Also, as The New York Times reported the day of McNamara’s Missoula speech, a “last-minute addition to the Homeland Security Bill was the 16-page Cyber Security Enhancement Act, which…expands the ability of police to conduct Internet or telephone eavesdropping without first obtaining a court order.”
This new power troubles forum attendee Ethel MacDonald, an older woman whose sweet disposition stood in stark contrast to her sharp words.
“I have been more afraid of what my own government is doing than anyone else recently,” MacDonald said.
Addressing the audience’s civil liberties concerns, McNamara said, “I don’t see that they’re in danger. If the people think they’re in great danger, change the government.”
At this point, another call rose from the gallery, referencing Florida’s 2000 election controversy: “We tried to change the government but we were swindled.”
Indeed, this comment may carry more weight now due to recently uncovered voter roll problems reported by BBC Newsnight’s Greg Palast. Palast has obtained the computer voter roll program from Florida Secretary of State Katherine Harris’ office, which shows that approximately 500 citizens were barred from voting because of felonies supposedly “committed” in the future. Aside from these “future felons,” the rolls also contained records of felons “convicted” prior to their birth dates. A majority of those wrongly listed as felons were African-Americans. When Palast asked Dan Rather why his network hadn’t picked up the story, Rather replied, according to Palast, “I’m not allowed to do my job anymore. I’m not allowed to ask questions. It’s considered unpatriotic.”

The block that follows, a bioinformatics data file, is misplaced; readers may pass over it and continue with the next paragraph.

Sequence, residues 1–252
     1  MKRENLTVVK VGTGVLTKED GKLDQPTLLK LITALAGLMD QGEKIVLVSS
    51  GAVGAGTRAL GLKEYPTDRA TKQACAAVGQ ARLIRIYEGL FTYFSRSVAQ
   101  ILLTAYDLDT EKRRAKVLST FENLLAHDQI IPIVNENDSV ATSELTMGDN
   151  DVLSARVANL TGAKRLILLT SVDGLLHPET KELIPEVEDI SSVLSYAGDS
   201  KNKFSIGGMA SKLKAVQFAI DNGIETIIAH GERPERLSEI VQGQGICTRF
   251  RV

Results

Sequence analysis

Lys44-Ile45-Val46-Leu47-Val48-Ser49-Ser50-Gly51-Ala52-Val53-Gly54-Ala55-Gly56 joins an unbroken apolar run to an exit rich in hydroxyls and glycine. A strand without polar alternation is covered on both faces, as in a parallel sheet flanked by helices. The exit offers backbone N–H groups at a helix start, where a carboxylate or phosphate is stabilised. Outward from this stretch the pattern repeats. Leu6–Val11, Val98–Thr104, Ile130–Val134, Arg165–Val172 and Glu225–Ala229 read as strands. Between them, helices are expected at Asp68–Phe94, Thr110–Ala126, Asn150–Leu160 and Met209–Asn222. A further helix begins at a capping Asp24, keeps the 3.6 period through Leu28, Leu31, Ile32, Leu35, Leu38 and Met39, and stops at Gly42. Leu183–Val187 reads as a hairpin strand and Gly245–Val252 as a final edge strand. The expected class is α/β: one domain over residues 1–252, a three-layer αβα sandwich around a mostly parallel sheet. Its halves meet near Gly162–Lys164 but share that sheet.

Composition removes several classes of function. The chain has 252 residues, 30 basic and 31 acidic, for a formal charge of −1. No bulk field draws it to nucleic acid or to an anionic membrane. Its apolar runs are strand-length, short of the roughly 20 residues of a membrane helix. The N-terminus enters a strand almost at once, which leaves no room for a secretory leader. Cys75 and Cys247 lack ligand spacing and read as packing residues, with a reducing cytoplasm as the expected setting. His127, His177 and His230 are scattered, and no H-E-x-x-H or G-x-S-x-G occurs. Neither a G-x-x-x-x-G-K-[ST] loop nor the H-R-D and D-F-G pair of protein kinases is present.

But if Dan Rather has been scared away from asking questions, those inside Urey Lecture Hall had not. As the evening wore on, the debate escalated. Some stormed out of the room in fury. Others discussed what they consider problematic U.S. foreign policy in Colombia.
McNamara had supporters, as well. After the forum, an elderly gentleman told the ambassador, “Some of us less vocal people are with you.”
When the smoke cleared, many wondered what had been accomplished. Executive Director of the Montana World Affairs Council Mark Johnson concluded that “It’s always good to hear what the other guy has to say.”
Others felt that McNamara’s speech was simply another in a long line of Bush administration scare tactics, similar to the President’s “blanket warnings” of terrorist activities.
When asked what the American citizenry was supposed to do with vague terrorist warnings, McNamara replied, “You’re just supposed to know that there’s a threat there and that it has gotten real serious.”
When asked if that makes the public afraid without serving a constructive purpose, McNamara said, “It’s fair to say we haven’t yet gotten a system of getting information out without causing some confusion among the American population…We’re new at the game…The U.S. government is learning.”
While those in attendance had various points of view on the U.S. government’s new game, the community dialogue made one thing abundantly clear: Americans, or at least Western Montanans, speak with more than one voice.